Forest on the Threshold
 

The scent of Black Spruce filled the crisp autumn air as Scott Goetz made his way to the array of light detectors spread beneath the canopy of the Alaskan forest. The sun sat low on the horizon, casting long shadows on the forest floor. The long night of winter was quickly approaching, and the detectors would no longer be needed for the year. Though he was there to study the forest, how it absorbed light and carbon and turned them into materials like leaves and bark, it was the wilderness of the place that initially attracted Goetz. He had grown attached to these Northern forests as a graduate student canoeing through the interlinked lakes of Minnesota’s Boundary Waters Wilderness Area while collecting data for a NASA research project. Now an established ecologist, Goetz had spent at least a decade studying and exploring the boreal forests of North America. He knew the forest well.

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  Photograph of light detectors on the boreal forest floor

At the close of the growing season of 2004, Goetz was seeing changes in the forest. The blackened skeletons of trees extended into the distance after fires consumed a record six million acres. Up close, the gold and green leaves of the rustling aspen trees were marbled with white squiggly lines where leaf miners had eaten through them. While both fires and insects were a natural part of the forest’s lifecycle, Goetz hadn’t seen either have such a wide impact on the forest before. But the most disturbing and unexpected change, he had observed months earlier back in his office at the Woods Hole Research Center in Woods Hole, Massachusetts.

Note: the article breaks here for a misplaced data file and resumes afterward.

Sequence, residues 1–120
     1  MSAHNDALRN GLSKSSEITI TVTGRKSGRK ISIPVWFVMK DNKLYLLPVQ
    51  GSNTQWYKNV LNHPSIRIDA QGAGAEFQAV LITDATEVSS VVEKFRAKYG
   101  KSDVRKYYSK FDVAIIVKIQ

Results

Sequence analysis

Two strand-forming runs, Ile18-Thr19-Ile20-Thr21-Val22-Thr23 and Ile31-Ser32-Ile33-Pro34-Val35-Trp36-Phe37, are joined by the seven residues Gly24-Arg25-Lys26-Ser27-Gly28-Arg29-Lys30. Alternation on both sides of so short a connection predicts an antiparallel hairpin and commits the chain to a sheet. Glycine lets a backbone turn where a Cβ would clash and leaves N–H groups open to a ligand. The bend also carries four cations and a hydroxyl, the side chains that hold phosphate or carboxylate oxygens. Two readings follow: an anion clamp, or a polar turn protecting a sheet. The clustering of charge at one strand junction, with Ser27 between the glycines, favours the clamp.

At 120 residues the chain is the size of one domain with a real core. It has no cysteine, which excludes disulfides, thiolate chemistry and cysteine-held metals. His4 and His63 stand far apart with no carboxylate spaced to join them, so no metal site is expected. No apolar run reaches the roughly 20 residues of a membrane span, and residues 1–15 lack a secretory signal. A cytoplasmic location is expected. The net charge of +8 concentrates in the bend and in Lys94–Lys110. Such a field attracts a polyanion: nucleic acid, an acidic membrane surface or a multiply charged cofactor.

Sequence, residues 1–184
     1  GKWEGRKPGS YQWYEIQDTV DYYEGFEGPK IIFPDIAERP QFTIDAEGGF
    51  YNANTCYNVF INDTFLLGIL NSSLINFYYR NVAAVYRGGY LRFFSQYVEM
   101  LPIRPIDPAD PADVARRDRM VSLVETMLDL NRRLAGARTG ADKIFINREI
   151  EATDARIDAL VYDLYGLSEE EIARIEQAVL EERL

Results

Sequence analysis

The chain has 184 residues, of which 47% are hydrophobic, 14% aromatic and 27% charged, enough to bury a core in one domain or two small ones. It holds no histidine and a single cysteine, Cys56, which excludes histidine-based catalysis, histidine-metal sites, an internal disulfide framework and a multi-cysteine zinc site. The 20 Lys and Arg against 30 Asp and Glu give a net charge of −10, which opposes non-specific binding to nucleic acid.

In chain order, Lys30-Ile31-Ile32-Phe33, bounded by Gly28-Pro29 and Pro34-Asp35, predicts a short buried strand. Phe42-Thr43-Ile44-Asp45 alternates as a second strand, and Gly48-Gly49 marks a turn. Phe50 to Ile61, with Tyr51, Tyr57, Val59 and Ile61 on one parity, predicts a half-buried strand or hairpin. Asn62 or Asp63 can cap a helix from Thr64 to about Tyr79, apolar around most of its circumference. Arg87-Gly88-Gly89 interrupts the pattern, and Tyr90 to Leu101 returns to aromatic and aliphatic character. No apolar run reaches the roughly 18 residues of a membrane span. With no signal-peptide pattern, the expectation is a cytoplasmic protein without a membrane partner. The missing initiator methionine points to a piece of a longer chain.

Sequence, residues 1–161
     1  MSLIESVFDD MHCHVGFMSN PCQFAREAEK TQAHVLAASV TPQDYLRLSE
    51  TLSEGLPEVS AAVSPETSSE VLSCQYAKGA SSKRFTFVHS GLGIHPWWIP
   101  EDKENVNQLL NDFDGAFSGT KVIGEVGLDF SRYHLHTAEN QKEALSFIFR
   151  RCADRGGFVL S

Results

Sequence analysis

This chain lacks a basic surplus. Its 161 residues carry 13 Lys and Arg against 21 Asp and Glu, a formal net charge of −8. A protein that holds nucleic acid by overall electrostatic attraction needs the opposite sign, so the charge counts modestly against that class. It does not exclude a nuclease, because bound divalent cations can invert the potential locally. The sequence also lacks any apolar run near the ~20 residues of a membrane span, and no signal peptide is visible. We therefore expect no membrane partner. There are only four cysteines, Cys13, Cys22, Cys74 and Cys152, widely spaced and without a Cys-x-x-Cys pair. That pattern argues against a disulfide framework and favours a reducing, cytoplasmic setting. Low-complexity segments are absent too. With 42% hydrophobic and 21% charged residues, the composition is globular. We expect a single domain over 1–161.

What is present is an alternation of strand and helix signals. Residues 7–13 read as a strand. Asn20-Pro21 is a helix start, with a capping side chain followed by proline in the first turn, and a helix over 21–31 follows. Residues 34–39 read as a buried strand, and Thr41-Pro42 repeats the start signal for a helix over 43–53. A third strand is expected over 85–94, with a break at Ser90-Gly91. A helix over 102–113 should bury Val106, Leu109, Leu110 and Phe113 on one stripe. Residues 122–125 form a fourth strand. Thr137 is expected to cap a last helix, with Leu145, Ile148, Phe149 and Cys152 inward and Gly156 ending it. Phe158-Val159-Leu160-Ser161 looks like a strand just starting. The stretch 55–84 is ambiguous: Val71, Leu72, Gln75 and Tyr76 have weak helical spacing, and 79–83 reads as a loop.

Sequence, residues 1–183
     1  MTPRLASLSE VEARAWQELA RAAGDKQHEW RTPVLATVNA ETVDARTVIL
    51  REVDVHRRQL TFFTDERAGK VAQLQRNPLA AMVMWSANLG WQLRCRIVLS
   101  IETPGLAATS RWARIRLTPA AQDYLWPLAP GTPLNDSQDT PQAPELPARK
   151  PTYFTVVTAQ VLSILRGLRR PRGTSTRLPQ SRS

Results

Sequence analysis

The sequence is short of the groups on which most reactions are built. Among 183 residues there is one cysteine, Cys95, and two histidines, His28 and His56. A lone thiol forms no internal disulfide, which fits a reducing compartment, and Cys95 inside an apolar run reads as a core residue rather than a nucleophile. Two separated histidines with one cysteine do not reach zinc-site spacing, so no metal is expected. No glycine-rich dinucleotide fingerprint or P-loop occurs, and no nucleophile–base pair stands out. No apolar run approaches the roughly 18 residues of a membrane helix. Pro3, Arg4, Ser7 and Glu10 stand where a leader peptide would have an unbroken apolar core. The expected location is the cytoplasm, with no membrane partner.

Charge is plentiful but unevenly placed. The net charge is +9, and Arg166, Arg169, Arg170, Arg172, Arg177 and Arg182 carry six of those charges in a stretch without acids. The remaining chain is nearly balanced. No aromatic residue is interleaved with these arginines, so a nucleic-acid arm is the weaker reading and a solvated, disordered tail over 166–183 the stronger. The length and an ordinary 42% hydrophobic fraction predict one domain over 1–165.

Spruce trees surround light detectors on the floor of the boreal forest in Alaska. Scientists are traveling to sites in the remote North to study the effects of climate change on ecosystems around the world. Scott Goetz uses light detectors to measure the sunlight absorbed by the trees. The scientists combine these measurements with satellite data to gauge the health of the forest. (Photo copyright Daniel Steinberg, Woods Hole Research Center.)

  Photograph of the boreal forest, including apsens.

In addition to his research in the forest, Goetz was using satellite data to study how the spruce-rich forests of northern Canada and Alaska recover after large fires. The burned forest was re-growing as he expected, but the unburned forest was behaving strangely. Since the 1990s, scientists have known that increasing global temperatures have lengthened the growing season in the Arctic. With carbon dioxide, one of the key ingredients in photosynthesis, also on the rise, the forest should have been thriving. But it wasn’t. The forest was getting browner, not greener.

On the other side of the United States, Alon Angert, a scientist at the University of California, Berkeley, noticed a strange trend in the forest, too. Angert was tracking carbon dioxide in the atmosphere over the Arctic from 1985 to 1994 when he saw that trees weren’t soaking up as much of the gas at the end of the period as at the beginning. It was as if the whole forest had slowed its breathing during that single decade.